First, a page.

2. Pingback: Main questions of the judge The death penalty – Red Pepper Uganda – TECH2
  3. Rubbish she ll kill again now she studied law she can defend herself what a crap she is enjoying just 15years for killing a hasband she deserve. Death raw I don’t care even if she became who.

  4. She should have faced the full extent of the law but somehow lackadaisical behavior on some one in the prison saved her.
    Her law degree will benefit similar characters like her. She should die.

  5. I would not support Death penalty because it does not deter the culprit nor does it benefit the community. However there is a worry especially in Uganda that when such an in-mate becomes an expert of law might practice it negatively by providing toxic legal education, defense and or any empowerment to the criminals in the society so that the criminals become resistant and evasive to the policing and judicial systems that are already corrupt! A unique curriculum for such in-mates could majorly focus on courses that are mind reforming and skill-based, and avoid those courses that might expose them to more tricks of criminality. I think courses such as Counseling and psychology, theology could transform themselves and their colleagues to leave a further responsible lives, While skill-based ones such as Medicine could make them save many lives out there to “compensate” what they killed!!!!!!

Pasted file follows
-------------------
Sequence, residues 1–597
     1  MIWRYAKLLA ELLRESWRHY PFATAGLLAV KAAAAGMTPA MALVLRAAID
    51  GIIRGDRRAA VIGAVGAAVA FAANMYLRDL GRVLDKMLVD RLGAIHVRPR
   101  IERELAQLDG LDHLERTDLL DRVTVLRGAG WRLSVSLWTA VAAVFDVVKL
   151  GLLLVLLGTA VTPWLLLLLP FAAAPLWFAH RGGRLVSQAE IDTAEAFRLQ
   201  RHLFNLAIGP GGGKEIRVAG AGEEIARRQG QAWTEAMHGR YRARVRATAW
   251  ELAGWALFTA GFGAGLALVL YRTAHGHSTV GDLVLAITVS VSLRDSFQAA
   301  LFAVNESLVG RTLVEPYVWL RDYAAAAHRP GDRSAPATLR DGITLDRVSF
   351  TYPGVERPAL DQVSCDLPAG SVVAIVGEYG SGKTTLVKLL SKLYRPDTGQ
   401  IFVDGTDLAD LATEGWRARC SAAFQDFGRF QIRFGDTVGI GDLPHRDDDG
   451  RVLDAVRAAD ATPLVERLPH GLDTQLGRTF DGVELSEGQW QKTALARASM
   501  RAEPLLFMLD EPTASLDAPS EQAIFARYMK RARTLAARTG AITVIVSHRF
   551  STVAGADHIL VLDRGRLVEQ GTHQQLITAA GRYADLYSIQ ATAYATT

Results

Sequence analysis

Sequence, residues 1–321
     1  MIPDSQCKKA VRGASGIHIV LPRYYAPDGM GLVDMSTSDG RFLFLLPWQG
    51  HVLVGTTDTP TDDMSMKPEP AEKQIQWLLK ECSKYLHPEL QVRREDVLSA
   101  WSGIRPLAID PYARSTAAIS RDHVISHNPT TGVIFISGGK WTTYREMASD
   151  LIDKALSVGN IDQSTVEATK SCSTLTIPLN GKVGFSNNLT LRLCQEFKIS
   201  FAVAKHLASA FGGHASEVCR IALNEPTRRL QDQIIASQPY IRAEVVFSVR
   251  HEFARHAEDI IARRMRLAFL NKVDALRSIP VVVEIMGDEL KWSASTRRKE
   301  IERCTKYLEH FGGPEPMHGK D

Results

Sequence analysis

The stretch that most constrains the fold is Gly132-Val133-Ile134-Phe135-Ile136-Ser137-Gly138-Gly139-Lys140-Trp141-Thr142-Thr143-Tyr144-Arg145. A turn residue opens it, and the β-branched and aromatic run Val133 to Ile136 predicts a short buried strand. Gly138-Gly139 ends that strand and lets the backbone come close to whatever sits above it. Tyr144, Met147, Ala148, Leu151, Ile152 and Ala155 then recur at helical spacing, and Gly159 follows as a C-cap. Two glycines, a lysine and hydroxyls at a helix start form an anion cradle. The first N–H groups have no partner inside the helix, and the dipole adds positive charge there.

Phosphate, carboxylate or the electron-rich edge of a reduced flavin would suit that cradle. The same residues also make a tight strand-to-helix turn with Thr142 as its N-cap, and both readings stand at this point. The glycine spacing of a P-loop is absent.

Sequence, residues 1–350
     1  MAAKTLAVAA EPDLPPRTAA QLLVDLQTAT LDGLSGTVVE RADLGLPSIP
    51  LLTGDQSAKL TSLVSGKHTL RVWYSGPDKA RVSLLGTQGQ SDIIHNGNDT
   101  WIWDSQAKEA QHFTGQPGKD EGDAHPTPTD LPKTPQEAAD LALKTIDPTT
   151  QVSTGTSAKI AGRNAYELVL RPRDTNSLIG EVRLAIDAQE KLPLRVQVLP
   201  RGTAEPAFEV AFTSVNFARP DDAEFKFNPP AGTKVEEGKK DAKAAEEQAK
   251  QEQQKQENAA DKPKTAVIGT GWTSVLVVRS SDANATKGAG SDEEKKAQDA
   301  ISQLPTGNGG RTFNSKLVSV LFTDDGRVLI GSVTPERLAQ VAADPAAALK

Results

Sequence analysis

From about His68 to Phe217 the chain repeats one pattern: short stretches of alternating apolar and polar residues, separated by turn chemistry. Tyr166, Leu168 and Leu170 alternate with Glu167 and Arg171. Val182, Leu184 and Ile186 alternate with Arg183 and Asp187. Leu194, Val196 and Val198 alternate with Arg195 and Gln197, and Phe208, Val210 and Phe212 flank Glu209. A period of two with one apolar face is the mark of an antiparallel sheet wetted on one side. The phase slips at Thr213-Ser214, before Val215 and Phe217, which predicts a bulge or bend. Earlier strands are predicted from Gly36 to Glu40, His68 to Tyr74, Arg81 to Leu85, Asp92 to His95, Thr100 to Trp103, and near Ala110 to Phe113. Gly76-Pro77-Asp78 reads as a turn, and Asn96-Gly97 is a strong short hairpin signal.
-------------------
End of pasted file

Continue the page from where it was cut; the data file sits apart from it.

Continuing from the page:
1. I’m sorry to be harsh but your reasoning is clearly flawed.How can death sentence not deter the culprit is she is killed? We have many like Kanyankole who come out and do it again. Also, as one of the comments put, Uganda is full of people who can deliver, so the community has nothing much to lose but more to gain if such put are done away with. I want to remind you that uganda is a poor country and public resources spent on training such murders on courses you suggested can be better spent training good people or streets kids to learn some technical skills.

  6. Where is the world heading? its God who Gives and rests life , May his name be lifted on high

    1. She should be hanged. Human beings play a big role in preserving and protecting lives. You slunder all that and have no good means to prevent and investigate crime, gangsters take over and kill good people.

  7. change is dynamic, prison is for reformation and a very dope place to reflect on past mistakes so its better to abolish the death sentence since sentencing another person to death doesn’t solve the problem

  8. How come, there are many more people whoc committed a similar crime and are very much in Luzira, did her lwa Course convince the Judge to let her off the Nook, she deserves exactly what she did to her Husband, and what will she tell her Son, that she killed his father accidentally when the Boy remmbers having seen her hide a apanger under the Bed!